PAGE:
GOAL-Oriented, Motivational Physical Therapy
We at Lakeway Aquatic Physical Therapy
want you to get back to your life. By having a complete understanding of what your diagnosis is and how you and your physical therapist can address your issues. We use the personal touch with each and every patient. We work together for goal-oriented, motivational physical therapy. With a greater understanding of you body and specific goals we help you and your body become stronger and healthier so you can go live the life you want.
Working closely with a physical therapist to achieve your goals for better health and less pain
Promote a positive environment.
Offer encouragement. ...
Check in on progress. ...
Address setbacks and challenges. ...
Provide reinforcement. ...
Goal-oriented, motivational physical therapy helps older patients recover more fully from broken hips, strokes, and other ailments according to a new study.
Enhanced Medical Rehabilitation—an approach in which physical therapists work to engage patients more fully during therapy sessions—helped them recover function better than standard physical.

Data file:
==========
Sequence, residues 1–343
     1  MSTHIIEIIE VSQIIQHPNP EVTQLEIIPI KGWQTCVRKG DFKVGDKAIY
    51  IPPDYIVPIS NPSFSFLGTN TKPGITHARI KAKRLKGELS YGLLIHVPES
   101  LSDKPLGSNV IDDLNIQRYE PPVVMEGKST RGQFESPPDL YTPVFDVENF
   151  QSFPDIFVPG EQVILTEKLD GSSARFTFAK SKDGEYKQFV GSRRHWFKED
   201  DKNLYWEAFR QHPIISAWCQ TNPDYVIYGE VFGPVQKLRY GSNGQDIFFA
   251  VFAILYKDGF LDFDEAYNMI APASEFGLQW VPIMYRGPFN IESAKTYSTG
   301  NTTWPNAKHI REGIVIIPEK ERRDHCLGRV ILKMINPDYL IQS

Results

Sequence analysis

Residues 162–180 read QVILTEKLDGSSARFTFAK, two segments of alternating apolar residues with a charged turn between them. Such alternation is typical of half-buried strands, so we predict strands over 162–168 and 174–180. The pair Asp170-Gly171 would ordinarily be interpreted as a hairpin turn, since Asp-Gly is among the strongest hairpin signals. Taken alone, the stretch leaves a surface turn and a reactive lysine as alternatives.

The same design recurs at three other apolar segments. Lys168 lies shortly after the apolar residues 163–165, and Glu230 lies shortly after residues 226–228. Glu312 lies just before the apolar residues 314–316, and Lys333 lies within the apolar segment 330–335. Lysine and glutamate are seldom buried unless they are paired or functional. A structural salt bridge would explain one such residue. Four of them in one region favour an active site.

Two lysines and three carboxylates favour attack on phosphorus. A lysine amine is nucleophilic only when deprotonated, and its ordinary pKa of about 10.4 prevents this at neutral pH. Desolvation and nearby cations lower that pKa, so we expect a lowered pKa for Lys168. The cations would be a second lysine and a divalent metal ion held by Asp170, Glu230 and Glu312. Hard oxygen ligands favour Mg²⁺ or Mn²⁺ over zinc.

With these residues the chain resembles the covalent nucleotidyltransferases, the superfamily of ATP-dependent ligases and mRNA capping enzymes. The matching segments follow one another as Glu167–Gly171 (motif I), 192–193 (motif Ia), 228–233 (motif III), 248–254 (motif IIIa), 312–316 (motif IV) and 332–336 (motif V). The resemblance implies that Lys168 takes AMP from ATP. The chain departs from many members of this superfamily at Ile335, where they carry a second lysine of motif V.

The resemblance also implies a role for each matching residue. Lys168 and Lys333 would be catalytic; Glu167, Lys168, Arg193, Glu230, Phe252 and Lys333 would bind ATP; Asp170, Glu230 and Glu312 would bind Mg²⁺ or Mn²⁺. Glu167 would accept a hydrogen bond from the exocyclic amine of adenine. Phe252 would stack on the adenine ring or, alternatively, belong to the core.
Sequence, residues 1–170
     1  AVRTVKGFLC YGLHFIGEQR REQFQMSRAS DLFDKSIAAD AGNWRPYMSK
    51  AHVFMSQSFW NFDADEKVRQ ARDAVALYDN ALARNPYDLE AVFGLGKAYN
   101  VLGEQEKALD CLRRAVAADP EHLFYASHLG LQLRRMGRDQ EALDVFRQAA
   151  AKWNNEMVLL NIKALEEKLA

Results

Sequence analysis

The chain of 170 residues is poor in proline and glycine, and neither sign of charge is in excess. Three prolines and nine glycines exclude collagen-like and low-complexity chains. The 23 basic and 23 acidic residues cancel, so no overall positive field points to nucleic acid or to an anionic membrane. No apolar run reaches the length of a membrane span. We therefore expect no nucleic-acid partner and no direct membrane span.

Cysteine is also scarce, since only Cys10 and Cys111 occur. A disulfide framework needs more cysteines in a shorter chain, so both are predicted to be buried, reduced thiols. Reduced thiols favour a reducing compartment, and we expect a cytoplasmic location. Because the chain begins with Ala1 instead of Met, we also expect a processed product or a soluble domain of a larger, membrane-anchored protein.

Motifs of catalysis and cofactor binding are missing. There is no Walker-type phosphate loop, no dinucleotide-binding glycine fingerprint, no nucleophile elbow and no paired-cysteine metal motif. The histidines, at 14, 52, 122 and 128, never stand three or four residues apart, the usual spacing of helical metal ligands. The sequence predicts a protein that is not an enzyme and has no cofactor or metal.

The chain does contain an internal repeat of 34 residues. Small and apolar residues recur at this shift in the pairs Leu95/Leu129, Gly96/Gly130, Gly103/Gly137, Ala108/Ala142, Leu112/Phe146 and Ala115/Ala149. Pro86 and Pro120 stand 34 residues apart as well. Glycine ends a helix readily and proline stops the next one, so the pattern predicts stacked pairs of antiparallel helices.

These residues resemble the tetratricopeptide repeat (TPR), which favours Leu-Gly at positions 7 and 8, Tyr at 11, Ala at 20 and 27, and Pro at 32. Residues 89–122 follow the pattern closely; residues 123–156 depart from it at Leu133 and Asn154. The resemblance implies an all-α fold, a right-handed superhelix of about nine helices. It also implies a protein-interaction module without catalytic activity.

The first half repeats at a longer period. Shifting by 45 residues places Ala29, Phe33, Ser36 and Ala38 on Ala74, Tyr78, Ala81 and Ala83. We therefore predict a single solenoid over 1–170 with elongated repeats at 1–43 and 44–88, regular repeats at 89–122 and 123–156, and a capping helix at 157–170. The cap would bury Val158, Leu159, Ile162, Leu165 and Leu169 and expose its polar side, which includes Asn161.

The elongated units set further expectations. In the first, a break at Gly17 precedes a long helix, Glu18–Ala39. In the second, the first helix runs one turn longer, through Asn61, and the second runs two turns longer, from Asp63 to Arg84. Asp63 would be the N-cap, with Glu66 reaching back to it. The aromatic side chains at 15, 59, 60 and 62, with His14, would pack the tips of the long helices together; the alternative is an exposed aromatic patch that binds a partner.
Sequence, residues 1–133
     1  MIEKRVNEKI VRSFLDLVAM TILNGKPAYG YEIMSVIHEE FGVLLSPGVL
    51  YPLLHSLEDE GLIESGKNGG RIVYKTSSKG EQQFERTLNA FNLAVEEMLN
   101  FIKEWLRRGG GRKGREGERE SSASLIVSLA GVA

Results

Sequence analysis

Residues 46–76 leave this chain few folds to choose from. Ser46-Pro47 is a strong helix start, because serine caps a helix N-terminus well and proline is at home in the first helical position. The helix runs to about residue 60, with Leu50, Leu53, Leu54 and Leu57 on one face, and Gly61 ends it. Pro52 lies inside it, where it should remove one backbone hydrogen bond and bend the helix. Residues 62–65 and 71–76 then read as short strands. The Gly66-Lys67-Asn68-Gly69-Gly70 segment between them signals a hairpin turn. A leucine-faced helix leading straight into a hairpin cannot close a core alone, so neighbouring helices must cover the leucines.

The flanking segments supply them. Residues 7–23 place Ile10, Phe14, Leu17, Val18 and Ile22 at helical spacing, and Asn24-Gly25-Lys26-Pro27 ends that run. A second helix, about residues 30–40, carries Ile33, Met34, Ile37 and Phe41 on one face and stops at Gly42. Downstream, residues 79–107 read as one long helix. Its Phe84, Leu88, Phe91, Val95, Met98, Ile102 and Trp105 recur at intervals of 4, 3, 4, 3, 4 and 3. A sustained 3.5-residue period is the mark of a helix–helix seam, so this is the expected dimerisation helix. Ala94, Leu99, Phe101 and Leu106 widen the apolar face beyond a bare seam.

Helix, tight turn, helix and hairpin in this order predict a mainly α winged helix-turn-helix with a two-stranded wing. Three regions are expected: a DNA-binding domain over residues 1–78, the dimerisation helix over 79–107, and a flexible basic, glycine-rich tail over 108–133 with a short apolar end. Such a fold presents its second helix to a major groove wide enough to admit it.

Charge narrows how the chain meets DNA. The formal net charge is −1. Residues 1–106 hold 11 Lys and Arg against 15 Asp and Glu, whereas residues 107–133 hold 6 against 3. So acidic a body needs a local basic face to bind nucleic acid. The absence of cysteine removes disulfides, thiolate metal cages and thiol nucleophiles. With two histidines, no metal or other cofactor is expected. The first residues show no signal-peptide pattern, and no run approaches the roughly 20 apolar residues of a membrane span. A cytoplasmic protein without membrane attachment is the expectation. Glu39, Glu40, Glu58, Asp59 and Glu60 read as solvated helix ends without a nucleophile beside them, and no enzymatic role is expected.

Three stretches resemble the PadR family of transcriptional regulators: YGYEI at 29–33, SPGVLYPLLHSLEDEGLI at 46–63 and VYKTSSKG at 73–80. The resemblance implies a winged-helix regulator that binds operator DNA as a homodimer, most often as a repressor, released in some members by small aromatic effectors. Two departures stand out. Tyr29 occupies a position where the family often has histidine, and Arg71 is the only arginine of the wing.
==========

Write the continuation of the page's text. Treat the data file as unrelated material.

“The study found that when you engage and motivate people, they do better,” says first author Eric J. Lenze, a professor of psychiatry at Washington University in St. Louis.
Patients receiving enhanced rehab did not get more or longer therapy sessions. Instead, therapists focused on specific goals important to individual patients, and they delivered, on average, 24 motivational messages about those goals during every therapy session. That approach resulted in a 25% improvement in functional recovery.
MOTIVATION AND PHYSICAL THERAPY
The research team studied 229 patients—114 of whom randomly were chosen to receive enhanced intervention and 115 of whom received standard therapy. Each was in a skilled nursing facility while recovering from an injury or illness, such as hip fracture, stroke, or major surgery. Study patients received treatment at the Barnes-Jewish Extended Care and Alexian Brothers Sherbrooke Village skilled nursing facilities in the St. Louis area.
The enhanced rehab in this study involved the use of motivation during therapy sessions, and the key was centering therapy on goals that were meaningful to the patient.
BETTER CARE HELPS EVERYONE
The findings appear in the journal JAMA Network Open.
Funding for the study came from the National Institute of Mental Health of the National Institutes of Health, the Taylor Family Institute for Innovative Psychiatric Research, and the Center for Brain Research in Mood Disorders at Washington University